I purchased a pair of self contained data loggers, which have a 3 axis accelerometer, 3 axis magnetometer, 2GB of internal storage, and a 250 mAh 3.7v Li-po battery. They measure about 50mm X 26mm X 12mm, and are surprisingly light at just around 10g (not including the housing).
The device is recharged through a micro-USB port (its sole interface), and when connected to a PC it appears as a flash drive. Inside, there is a folder containing recorded data files, a primitive Java application which can help with data analysis and scheduling, and a few text files which can be edited to adjust configuration parameters (like sampling frequency). After reading the device manual (GCDC_X8M-3_User_Manual), I configured the device to sample continuously at 25Hz using a modified configuration file:
With the settings downloaded, it was time to take the XM8-3 for a spin. While recording, I moved the device so that each one of its axes were parallel to the force of gravity for about 10 seconds, and generated about 900 points of raw data (DataPost1). I then scaled the accelerometer data to g units by dividing each data point by 1024 ( no need to call Curtis Jackson) , and used Matlab to generate a plot:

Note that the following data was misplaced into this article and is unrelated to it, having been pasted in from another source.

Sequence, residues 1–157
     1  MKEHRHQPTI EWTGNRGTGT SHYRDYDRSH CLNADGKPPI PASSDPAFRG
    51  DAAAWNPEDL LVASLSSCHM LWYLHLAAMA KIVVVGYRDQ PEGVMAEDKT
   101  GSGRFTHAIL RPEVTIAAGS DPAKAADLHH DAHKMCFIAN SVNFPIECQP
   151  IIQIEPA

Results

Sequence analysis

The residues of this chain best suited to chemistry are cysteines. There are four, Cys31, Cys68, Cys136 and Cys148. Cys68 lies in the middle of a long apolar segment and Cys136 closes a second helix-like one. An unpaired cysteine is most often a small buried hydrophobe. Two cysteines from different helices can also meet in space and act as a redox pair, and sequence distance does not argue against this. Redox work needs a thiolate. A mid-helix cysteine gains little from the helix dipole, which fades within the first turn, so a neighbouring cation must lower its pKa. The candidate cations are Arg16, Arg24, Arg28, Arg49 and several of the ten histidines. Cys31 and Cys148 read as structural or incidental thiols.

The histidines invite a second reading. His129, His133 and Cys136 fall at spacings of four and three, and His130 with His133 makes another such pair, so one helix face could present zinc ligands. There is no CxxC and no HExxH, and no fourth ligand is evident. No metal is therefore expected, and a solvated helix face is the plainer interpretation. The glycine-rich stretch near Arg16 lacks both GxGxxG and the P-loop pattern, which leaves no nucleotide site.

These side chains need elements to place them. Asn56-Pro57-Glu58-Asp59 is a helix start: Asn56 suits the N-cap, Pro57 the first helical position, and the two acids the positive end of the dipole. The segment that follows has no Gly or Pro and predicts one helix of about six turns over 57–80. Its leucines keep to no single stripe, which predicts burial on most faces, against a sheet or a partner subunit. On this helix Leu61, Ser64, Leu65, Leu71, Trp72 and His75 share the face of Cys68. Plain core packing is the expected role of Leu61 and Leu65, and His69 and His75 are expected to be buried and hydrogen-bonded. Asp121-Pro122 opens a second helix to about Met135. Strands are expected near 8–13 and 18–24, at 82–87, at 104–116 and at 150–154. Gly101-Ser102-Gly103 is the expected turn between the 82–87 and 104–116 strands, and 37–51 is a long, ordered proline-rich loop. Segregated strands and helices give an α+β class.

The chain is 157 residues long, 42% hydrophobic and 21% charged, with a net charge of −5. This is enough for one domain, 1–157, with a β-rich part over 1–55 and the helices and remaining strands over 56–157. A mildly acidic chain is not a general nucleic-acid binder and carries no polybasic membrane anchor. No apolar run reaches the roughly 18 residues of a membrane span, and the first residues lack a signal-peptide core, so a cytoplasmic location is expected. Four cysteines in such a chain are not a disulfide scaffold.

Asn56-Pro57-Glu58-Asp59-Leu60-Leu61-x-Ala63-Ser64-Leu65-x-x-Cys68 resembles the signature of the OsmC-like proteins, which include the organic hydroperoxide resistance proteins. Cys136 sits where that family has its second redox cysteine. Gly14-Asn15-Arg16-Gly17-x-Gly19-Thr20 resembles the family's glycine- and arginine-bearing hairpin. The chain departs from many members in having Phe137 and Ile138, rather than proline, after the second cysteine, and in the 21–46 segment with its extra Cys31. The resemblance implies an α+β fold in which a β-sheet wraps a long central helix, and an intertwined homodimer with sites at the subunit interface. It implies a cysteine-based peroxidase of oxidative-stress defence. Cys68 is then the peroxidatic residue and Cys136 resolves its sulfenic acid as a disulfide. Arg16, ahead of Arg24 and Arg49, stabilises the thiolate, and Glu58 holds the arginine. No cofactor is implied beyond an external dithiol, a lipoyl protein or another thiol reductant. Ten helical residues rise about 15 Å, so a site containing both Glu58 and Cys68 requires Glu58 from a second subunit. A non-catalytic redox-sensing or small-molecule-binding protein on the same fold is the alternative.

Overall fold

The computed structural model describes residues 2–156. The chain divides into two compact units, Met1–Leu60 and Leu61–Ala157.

The data was generally as expected. In each position, one axis should have experienced 1g while the other two axes experienced no force. Minor variations can be explained by the surface the device was sitting on during the test not being completely level, which is compounded by the fact that faces of the case with seams bulge out in the middle. This might have impacted the readings in which the X and Y axes were parallel to gravity. In any case, the stated zero-g offset accuracy for the device was +/- .15g for the X and Y axes and +/- .25g for the Z axis, and the data are roughly within those bounds. More important than device accuracy, however, is its precision, since we will be most interested in relative motion in future experiments. Form time t = 2 seconds to t = 12, the standard deviation of the measurements in each axes was calculated: X = 0.012g Y = 0.011g Z = 0.012g. This tight clustering shows high precision in the device.